The DDA's of the types described above each includes an adder for calculating the integrated value, an adder for performing the compensating operation and an adder for performing quantizing operation to generate a tertiary increment, all of those adders being connected directly in cascade. When an operation is to be carried out in the DDA of the serial addition type, for example, the operations by all of the above adders are carried out for one bit of the data representative of the integrated value and then the operations are repeated for the next bit. In the DDA of the parallel addition type, after the operations for one data have been completed, the operations for the next data are carried out.
Thus, a long operation time has been heretofore been required and this has been blocking the achievement of the high speed operation.
Furthermore, only a relatively simple compensating operation could be performed and hence the parallel type DDA which required a complex compensating operation had a problem in the operation accuracy.
It is a main object of the present invention to provide a DDA which enables a high speed of operation.
It is another object of the present invention to provide a DDA capable of performing a very high precision operation.
In order to achieve the above objects, the present invention uses temporary storage means in arithmetic units such as adders for performing various operations, in order to temporarily store the interim operation results of the arithmetic unit in the temporary storage means so that the respective arithmetic units may carry out various operations simultaneously.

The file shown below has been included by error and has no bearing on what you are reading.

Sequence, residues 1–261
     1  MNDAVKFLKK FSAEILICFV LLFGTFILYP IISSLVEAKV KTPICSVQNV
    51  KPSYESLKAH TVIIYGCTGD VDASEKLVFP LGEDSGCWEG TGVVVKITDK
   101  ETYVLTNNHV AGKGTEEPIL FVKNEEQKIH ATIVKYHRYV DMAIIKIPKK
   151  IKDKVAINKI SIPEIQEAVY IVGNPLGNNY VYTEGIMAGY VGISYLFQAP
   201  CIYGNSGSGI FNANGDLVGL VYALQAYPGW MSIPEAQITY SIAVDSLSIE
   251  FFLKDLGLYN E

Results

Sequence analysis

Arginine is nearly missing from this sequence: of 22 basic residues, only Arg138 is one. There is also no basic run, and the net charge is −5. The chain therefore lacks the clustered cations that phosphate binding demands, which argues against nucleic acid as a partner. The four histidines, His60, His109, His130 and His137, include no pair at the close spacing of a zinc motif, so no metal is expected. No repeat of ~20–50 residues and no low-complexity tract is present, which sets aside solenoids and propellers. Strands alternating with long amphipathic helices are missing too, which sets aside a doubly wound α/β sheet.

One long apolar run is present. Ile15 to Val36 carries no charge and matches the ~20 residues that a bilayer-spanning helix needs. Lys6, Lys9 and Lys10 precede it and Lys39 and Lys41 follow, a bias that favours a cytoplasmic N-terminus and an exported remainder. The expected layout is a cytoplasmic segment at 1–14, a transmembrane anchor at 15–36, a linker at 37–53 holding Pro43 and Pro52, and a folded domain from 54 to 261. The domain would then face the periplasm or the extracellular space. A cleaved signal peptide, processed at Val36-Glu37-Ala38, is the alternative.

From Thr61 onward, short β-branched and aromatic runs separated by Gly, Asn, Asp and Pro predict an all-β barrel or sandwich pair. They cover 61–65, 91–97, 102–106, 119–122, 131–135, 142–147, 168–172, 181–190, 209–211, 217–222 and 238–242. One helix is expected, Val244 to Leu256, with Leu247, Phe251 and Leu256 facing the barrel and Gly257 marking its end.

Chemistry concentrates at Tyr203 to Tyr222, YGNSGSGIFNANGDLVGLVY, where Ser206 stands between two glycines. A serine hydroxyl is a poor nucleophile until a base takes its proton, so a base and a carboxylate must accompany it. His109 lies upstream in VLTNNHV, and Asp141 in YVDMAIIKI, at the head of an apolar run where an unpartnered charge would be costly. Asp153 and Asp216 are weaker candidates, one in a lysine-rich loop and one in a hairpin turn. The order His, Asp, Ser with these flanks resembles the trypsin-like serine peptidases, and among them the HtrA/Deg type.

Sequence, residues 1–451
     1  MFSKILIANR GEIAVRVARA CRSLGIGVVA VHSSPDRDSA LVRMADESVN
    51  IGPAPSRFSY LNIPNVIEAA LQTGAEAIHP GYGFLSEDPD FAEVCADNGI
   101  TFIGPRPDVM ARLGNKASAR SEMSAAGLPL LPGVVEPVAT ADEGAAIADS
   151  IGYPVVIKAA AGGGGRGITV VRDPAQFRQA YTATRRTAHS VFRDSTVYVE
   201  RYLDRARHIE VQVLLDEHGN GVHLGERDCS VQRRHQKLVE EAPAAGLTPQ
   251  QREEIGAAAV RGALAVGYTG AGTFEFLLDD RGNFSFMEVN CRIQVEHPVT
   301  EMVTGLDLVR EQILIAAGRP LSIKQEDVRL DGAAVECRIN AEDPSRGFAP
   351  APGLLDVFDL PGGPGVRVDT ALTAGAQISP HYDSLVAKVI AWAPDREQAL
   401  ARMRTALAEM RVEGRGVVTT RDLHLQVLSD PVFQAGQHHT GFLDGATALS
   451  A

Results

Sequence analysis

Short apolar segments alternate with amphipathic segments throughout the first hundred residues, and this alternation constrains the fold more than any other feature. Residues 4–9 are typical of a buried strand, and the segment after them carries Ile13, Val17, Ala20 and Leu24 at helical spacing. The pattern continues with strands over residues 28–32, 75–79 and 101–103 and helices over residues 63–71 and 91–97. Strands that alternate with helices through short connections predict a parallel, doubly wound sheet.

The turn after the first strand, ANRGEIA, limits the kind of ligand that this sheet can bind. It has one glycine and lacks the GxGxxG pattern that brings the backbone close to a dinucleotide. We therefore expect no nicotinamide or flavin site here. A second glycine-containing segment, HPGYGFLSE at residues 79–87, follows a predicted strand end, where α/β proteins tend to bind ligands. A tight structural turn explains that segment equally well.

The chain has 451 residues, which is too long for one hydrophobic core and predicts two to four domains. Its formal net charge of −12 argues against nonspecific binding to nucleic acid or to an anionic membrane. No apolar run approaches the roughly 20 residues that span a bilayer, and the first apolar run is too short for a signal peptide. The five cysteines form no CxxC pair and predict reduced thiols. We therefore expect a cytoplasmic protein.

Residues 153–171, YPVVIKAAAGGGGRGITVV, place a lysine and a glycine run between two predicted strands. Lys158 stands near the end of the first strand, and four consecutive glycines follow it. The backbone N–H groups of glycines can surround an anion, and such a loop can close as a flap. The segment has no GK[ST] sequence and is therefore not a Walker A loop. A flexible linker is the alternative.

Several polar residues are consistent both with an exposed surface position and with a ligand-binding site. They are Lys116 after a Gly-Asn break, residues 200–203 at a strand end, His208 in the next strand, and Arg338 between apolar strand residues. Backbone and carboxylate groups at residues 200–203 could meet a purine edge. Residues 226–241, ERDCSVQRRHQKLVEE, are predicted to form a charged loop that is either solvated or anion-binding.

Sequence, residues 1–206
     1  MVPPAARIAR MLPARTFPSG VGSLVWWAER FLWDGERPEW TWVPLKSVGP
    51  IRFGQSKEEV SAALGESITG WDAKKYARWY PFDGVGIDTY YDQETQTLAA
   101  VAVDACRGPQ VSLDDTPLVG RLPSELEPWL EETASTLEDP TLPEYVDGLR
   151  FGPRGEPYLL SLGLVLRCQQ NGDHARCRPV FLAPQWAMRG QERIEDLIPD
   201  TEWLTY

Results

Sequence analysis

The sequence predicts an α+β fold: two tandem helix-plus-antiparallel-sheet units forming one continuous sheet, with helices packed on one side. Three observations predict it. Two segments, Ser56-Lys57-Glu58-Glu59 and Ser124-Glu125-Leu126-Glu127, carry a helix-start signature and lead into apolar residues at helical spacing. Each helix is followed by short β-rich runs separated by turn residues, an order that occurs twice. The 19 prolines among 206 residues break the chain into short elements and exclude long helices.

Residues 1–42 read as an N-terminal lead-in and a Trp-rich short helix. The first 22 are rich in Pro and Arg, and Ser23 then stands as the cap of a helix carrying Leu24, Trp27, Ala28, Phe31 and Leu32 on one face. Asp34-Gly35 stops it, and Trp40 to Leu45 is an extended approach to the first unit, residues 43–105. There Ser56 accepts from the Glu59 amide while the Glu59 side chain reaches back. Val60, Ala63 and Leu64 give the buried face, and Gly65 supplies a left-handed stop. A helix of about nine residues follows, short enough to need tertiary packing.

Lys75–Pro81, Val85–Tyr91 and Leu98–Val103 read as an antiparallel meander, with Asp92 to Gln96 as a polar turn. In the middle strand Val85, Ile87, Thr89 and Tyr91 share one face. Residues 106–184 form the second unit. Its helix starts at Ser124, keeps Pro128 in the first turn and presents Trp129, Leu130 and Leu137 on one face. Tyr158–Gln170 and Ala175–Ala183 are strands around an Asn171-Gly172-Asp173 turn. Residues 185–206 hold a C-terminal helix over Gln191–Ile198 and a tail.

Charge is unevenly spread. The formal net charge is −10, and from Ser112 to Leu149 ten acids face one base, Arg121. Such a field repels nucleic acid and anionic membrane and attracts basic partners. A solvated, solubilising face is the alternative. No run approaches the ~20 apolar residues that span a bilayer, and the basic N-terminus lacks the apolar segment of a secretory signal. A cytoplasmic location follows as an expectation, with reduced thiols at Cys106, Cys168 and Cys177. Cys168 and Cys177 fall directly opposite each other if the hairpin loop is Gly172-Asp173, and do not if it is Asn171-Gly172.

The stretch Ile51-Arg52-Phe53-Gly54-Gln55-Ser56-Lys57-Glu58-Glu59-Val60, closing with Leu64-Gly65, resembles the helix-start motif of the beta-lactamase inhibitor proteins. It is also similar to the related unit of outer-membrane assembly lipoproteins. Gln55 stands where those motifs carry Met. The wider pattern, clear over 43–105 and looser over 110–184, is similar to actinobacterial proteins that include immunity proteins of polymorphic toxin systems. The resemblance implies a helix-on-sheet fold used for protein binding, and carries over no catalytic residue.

FIG. 1 shows a configuration of one embodiment of a DDA of the present invention.
FIG. 2 is a timing chart showing operation timing of the circuit of FIG. 1.
FIGS. 3 to 7 show particular embodiments of portions of the circuit of FIG. 1, in which FIG. 3 shows a selector circuit, FIG. 4 shows a decoder circuit, FIG. 5 shows a primary increment discrimination circuit, FIG. 6 shows a tertiary increment decision circuit and FIG. 7 shows a J-K flip-flop.
FIG. 8 shows a chart illustrating a relation between input/output of the decoder circuit of FIG. 4 and an operation type.
Before explaining an embodiment of the present invention, a principle of the present invention is first described.
An operation time of a digital integrator generally consists of a time TP required for calculating total sum of a secondary increment, a time TS required for matching bit positions in adding the secondary increment to an integrated value, and a time TI required for calculating the integrated value to generate a tertiary increment (including a time required for a compensating operation). Although the present invention can be applied either to the parallel addition method or to the serial addition method, a more remarkable advantage is attained and a fewer number of circuit components are required when it is applied to the serial addition method. Therefore, the DDA of the serial addition type is explained hereinbelow. In the serial addition type DDA, TS equals to zero because the matching of bit positions in adding the secondary increment to the integrated value can be replaced by timing for the addition thereof. As a result, the operation time T of the digital integrator in the serial addition type DDA is given by;